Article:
Turf wars: Shiv Sena gaining ground at the cost of BJP

  • Ketaki Ghoge, Hindustan Times
  • Updated: Oct 19, 2015 23:30 IST
Shiv Sena chief Uddhav Thackeray meeting with Sena activists who had thrown ink on ORF chairman Sudheendra Kulkarni in Mumbai on Tuesday. (PTI Photo)

This is not what the 45-year-old chief minister of Maharashtra Devendra Fadnavis had hoped for ahead of the first anniversary of his government on November 1.

Ally Shiv Sena has been putting the ruling NDA alliance in the news for all the wrong reasons. In a throwback to its heydays, the Sena has been resorting to street styled ‘radas’ with great precision to hit out at Pakistani artistes, officials, and ‘anti-nationals’.

On Monday, Mumbai witnessed the third such incident in a fortnight when Sena workers stormed the office of the Board of Control for Cricket in India (BCCI) protesting against a proposed meeting between BCCI chief Shashank Manohar and his Pakistani counterpart Shaharyar Khan. The earlier two incidents were the cancellation of ghazal maestro Ghulam Ali’s concert in Mumbai and an ink attack on Sudheendra Kulkarni in protest of organising a function to release a book written by former Pakistani foreign minister Khurshid Mahmud Kasuri.

The real target, however, is the BJP which has replaced Sena as the big brother in Maharashtra and the latter has been unable to accept this role-reversal. There’s little denying that Sena’s going back to its roots is at the cost of the BJP-led state government.

The regional party has managed to hijack Fadnavis’ development agenda with intolerance and street-violence now more etched in public perception about this government than the ambitious ‘Make in Maharashtra’ campaign or the flagship Jalyukt Shivar Abhiyan that promises to make the state drought-free.

With these three incidents the party has managed to gain ground which it lost to the BJP in the last one year. Days after the attack on Kulkarni, Fadnavis softened his stance on the Sena, ensuring the alliance would continue in the Mumbai civic polls in 2017.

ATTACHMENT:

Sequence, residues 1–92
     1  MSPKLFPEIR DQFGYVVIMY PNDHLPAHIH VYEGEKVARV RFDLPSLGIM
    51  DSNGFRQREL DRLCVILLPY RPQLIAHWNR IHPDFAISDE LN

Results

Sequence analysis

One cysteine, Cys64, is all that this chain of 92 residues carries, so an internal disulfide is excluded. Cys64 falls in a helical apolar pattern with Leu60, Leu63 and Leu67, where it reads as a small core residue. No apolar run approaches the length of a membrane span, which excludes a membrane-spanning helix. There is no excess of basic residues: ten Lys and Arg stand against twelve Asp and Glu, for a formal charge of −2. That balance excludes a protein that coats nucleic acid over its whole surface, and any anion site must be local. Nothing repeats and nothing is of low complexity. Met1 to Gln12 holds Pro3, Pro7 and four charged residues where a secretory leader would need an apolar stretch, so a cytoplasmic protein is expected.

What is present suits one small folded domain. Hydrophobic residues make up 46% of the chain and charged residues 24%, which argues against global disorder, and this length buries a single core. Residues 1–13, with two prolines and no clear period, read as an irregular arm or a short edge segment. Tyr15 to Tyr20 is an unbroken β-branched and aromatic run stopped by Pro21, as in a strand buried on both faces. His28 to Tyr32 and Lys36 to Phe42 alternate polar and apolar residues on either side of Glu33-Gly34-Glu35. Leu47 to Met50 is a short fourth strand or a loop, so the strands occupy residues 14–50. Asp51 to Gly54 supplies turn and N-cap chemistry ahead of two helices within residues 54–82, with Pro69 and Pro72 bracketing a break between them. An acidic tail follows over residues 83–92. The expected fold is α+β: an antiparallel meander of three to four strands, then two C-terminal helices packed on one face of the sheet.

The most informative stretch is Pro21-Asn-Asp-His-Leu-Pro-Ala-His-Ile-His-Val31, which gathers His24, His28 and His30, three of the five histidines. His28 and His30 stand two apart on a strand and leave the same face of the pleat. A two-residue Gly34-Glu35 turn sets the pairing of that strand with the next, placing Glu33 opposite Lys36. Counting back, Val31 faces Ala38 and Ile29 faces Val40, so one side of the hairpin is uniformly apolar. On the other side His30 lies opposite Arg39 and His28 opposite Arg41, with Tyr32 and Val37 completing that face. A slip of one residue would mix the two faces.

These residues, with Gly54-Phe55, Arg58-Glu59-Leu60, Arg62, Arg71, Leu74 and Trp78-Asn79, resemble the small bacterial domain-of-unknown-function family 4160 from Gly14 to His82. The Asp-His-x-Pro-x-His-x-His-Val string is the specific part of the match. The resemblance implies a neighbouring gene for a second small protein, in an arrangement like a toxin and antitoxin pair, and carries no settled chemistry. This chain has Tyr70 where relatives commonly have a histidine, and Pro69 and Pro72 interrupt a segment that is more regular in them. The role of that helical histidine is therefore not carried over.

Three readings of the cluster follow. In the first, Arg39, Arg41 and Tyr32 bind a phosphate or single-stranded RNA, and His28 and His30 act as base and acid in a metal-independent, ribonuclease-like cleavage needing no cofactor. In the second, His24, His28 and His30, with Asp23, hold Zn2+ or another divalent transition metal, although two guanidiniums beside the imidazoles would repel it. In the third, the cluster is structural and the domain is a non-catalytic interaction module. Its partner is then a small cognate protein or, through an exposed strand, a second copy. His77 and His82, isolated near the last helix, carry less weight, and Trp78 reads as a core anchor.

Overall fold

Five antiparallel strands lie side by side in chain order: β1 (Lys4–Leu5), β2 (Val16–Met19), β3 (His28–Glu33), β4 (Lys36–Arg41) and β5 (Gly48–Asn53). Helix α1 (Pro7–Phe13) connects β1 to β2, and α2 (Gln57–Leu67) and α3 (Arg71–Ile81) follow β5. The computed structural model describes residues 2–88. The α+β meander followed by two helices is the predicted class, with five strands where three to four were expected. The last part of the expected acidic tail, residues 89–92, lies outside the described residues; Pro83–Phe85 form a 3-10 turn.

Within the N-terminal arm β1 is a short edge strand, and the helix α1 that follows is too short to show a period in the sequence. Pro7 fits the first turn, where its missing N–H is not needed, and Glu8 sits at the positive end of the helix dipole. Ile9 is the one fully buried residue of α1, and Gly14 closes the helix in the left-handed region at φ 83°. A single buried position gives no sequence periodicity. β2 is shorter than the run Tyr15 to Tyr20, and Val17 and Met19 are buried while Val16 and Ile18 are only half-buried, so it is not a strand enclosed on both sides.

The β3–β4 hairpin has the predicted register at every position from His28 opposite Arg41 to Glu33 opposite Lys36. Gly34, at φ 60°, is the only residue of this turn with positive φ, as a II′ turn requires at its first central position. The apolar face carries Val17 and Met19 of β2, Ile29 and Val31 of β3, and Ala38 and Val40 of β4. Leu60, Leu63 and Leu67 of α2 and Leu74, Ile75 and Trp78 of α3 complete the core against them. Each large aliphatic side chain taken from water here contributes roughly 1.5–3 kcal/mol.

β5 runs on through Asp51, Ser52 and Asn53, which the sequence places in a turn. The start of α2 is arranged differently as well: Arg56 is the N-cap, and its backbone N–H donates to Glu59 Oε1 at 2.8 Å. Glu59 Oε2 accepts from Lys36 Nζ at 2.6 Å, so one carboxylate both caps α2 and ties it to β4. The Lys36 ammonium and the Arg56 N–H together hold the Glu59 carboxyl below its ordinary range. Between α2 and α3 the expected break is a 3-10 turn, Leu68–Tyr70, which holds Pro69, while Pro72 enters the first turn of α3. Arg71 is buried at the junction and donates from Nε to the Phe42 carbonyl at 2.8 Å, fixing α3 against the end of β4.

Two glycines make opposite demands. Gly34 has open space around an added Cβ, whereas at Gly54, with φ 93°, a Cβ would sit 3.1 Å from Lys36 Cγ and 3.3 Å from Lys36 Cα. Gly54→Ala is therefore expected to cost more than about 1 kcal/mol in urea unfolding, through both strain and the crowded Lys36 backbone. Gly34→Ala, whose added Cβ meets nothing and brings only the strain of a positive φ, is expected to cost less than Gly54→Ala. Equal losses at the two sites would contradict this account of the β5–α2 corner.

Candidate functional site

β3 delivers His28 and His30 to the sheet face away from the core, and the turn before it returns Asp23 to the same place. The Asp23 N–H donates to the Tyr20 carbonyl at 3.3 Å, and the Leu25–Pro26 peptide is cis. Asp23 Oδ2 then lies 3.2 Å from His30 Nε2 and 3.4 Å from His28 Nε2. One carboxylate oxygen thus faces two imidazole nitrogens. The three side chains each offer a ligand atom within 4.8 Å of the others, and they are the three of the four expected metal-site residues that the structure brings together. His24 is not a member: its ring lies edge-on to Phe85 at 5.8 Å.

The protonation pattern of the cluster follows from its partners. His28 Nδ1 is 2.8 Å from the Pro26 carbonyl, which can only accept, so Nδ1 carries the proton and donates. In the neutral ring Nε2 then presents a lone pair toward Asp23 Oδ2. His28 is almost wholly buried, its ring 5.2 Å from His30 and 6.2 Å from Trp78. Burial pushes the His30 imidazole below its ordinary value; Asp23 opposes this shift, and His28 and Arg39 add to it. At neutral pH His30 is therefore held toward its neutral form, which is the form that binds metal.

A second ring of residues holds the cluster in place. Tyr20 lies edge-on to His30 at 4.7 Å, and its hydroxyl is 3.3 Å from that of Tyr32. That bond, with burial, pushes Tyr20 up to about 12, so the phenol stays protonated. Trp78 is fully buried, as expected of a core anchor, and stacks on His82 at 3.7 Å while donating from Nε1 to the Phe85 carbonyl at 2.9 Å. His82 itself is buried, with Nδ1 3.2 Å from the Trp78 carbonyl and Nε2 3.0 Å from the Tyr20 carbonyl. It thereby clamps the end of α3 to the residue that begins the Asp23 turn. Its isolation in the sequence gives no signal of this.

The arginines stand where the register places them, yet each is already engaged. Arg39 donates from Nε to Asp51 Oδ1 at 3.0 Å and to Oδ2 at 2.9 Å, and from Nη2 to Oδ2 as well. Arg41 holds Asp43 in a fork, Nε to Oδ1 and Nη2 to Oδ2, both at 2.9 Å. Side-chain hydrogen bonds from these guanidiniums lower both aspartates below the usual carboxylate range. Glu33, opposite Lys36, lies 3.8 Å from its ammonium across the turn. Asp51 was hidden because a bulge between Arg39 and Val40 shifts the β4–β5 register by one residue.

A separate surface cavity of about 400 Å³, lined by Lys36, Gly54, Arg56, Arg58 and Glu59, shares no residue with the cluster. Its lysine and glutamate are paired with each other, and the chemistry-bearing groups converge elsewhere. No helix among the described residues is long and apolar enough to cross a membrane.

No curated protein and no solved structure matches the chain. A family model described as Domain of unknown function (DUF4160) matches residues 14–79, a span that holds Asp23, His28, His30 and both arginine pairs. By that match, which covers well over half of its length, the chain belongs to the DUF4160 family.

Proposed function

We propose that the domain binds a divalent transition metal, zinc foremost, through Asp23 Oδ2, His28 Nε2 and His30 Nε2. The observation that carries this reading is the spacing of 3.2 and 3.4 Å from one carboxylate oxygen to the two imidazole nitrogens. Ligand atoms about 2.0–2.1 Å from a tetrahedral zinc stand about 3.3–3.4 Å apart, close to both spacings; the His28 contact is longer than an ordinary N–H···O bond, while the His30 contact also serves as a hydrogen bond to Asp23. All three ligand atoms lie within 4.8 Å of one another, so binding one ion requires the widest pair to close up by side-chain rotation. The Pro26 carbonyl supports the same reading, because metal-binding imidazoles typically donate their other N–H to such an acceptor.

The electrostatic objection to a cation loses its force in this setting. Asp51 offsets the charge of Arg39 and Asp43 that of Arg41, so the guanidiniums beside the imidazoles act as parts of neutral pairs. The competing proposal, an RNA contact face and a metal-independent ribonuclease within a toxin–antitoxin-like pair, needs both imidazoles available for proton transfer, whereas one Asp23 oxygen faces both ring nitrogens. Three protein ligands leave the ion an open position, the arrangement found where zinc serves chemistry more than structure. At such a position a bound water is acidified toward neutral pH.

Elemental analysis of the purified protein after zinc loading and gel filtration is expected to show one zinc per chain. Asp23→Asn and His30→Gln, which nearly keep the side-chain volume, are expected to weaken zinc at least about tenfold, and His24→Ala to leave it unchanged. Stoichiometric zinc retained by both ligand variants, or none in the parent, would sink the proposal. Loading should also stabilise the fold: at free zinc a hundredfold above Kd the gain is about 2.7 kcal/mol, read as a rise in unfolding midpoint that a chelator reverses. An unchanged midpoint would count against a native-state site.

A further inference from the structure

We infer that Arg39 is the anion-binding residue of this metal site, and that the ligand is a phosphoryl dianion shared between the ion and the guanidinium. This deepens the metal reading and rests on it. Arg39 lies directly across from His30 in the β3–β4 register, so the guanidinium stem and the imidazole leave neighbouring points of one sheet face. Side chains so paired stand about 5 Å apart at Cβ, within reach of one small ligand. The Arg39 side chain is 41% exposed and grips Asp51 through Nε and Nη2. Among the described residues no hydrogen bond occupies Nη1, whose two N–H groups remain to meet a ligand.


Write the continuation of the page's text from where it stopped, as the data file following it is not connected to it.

The chief minister needs to call Sena’s bluff and rein in troublemakers. Fadnavis, who also holds the home portfolio, can send the signal by ensuring that those who create trouble face stringent criminal action. The next step is tougher — to play hard ball and say that things will not move forward unless the Sena stops jeopardising the government it is a part of.

The BJP government in the state is propped on the shoulders of 63 Sena legislators. But, the Sena is also unlikely to risk pulling out of the government and live in political oblivion, two years ahead of the Mumbai civic polls and four years before the assembly elections.

Even if the Sena pulls out of the government, it may not fall. The BJP is just short of 23 members in the assembly and has survived without the Sena’s support for first two months after forming the government.

The last Sena attack on the BCCI office was in 1999. The then Union home minister LK Advani met Sena founder Bal Thackeray to pacify the party. At that time, the attack was about winning the Hindu Right turf war against the BJP and galvanising its core support group.

This time around, the reasons are not too different. Fadnavis just has to remind the post-Bal Thackeray Sena that those days are over.

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